After overtaking, make sure you are well clear of the bicycle rider before moving back, make sure you can see them in your rear view mirror.

If drivers cannot pass the bicycle rider safely, divers need to slow down and wait until the next safe opportunity to do so.

Drivers can cross single yellow lines into tram lanes to pass bicycle riders, only when the way is clear and it is safe to do so, they must not get in the way of any approaching trams.Drivers must not enter tram ways and must not cross double yellow lines or any raised separation on the edge of tram ways.

Where do the new rules apply?

The minimum passing distance rules apply whenever a motorised vehicle is passing a bicycle rider, including:

  • When bicycle riders are riding in a bicycle lane (including painted white lines, temporary separation like a pop up bike lane, and permanent separation eg kerbing separating the bicycle lane).
  • When bicycle riders are riding two abreast on the road (which they are legally allowed to do)

Where bicycle riders ride to the outside of the bike lane when riding past park cars, they are often trying to avoid the car door zone, to keep well clear of any unexpected car doors opening.

Bicycle riders have the option to do a hook turn at any intersection, unless signed otherwise. This can be a safer option as they don’t need to cross into the middle of the road to turn right.

At intersections

  • Watch out for bike riders at intersections and roundabouts.
  • Bicycle riders have the option to do a hook turn at any intersection, unless signed otherwise.

Bike riders can use a hook turn to turn right unless signed otherwise

  • Drivers must stop before a bike box when stopping at a red light. Stop before the first white line, and when the lights turn green, give the bike rider a head start.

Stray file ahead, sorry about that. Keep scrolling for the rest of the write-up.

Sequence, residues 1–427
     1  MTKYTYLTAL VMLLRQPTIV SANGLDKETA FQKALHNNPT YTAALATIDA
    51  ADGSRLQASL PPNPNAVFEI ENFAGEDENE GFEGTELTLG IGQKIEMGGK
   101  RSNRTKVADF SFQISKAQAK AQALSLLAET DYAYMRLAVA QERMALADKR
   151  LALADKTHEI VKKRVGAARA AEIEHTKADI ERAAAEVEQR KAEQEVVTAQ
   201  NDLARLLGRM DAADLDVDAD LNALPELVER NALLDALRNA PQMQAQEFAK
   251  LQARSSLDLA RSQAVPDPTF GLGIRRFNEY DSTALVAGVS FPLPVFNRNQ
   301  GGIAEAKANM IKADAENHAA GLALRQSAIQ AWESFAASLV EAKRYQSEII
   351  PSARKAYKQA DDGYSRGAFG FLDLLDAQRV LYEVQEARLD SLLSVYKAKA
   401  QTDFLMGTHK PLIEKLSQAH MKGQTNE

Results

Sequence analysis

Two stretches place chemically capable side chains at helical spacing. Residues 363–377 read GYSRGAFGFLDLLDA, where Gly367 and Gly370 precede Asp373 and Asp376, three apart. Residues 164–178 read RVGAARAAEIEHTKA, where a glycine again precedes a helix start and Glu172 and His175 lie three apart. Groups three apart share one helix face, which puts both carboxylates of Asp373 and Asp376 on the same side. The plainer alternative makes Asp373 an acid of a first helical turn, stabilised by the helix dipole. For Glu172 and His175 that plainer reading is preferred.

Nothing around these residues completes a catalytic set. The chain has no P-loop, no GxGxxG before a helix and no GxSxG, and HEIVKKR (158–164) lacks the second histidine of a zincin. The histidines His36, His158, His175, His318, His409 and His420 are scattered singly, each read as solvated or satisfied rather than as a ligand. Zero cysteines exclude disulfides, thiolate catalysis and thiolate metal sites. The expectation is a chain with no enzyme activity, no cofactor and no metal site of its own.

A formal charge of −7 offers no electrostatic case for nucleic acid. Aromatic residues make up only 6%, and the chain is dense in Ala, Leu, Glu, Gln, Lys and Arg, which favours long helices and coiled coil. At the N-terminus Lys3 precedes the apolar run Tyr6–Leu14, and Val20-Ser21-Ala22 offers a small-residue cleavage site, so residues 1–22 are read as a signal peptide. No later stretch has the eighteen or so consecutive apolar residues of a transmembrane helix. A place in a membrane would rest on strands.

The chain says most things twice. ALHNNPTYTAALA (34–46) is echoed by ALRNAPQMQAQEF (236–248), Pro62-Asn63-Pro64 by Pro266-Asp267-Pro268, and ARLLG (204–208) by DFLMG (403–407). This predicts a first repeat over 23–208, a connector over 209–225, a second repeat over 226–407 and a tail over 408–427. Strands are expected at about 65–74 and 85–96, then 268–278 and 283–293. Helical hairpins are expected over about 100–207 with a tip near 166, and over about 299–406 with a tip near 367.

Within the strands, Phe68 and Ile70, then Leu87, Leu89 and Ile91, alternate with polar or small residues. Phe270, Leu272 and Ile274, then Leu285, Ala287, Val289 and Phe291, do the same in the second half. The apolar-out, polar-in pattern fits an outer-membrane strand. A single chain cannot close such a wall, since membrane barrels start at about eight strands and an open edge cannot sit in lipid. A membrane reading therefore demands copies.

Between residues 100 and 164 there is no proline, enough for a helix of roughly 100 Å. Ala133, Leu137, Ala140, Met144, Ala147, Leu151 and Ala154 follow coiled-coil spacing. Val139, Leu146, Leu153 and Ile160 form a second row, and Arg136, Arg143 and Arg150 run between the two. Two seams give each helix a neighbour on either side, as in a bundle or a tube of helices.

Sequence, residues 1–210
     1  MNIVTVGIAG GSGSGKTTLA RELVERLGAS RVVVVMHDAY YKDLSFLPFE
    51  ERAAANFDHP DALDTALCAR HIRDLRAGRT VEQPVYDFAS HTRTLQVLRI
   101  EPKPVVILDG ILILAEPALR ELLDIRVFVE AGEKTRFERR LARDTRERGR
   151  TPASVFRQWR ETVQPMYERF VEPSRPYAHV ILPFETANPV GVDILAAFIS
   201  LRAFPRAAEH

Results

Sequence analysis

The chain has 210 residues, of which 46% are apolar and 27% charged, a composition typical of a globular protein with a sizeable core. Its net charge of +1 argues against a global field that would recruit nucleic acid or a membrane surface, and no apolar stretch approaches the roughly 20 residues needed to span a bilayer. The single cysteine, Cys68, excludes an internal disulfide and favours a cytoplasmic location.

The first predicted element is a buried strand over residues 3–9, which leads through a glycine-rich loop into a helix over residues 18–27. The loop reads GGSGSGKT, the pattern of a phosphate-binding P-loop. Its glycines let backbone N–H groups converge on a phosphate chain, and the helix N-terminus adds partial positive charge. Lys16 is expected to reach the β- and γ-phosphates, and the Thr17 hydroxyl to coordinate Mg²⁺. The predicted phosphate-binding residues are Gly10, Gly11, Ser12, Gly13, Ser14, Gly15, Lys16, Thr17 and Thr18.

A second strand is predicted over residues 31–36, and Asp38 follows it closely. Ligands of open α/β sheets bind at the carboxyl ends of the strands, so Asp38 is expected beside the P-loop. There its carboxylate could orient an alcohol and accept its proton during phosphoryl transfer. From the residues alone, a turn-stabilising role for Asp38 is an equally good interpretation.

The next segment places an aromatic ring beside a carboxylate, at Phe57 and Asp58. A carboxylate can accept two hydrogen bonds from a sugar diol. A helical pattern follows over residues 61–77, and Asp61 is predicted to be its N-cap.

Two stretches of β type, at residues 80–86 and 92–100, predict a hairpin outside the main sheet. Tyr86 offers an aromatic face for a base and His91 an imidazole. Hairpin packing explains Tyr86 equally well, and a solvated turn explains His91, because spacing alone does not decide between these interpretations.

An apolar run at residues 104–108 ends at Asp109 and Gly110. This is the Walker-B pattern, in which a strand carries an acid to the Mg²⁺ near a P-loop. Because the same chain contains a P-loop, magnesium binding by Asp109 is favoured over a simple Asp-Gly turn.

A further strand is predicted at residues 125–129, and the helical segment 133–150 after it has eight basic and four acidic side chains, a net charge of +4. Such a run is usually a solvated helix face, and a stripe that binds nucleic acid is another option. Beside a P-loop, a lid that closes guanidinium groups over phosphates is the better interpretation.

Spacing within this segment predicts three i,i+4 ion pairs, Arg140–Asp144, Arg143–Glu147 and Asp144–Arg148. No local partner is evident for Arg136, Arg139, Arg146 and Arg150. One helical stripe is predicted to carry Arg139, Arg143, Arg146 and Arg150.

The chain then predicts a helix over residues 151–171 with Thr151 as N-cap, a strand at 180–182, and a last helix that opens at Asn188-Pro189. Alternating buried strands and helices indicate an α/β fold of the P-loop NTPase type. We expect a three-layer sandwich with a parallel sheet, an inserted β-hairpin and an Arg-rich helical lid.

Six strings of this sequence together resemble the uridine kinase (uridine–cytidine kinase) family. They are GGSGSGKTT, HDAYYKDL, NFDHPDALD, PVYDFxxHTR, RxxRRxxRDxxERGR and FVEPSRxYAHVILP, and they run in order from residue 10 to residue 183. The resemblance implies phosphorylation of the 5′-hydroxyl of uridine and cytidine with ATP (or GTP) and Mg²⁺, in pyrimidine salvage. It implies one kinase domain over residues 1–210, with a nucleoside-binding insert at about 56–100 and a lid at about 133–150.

smaller animated image advising drivers they need to stop before the boike box for cyclists

On local roads

  • Drive cautiously and watch out for bike riders in residential streets.

When changing lanes or merging

  • Do not drive in bicycle lanes.
  • Give way to bike riders in bicycle lanes if you are turning across the lane (including slip lanes).

image - LOOK Green Lane? Take extra care
     
Give way to anyone travelling in a lane you are moving into, including bike riders.

Let others go before you go

  • When merging, give way to anyone already in the part of the lane you are merging into, before moving across.
Car merging left 
  • Indicate when pulling out, changing lanes or turning, so bike riders know your intentions.

When opening car doors to get out of your car

  • Check behind you before opening your car door, use your mirrors and do a head check. 

Car dooring image
 

  • View our video Checking for cyclists and motorcyclists  for more information about how to be aware of cyclists when opening your car door.
  • Doing a head check and side mirror check helps you see into your blind spot before you change lane or turn.

Drivers check mirrors and head check before changing lane or merging to turn left

  • Motorcycle and scooter riders are allowed to lane filter at low speed so they may appear in places you might not have traditionally expected them.
  • Whilst many motorcycles and scooters are now fitted with advanced braking systems, braking distances are typically longer than in a car. Ensure that you leave riders with enough space.
  • Motorcycle and scooters are typically maneuverable and can accelerate quickly, so be mindful that conditions around you may have changed.
  • Always check your blind spots before changing direction by undertaking a head check. 
  • Try to make eye contact with riders as this can assist in determining that you have seen the rider.
  • Indicate when pulling out, changing lanes or turning, so riders know your intentions.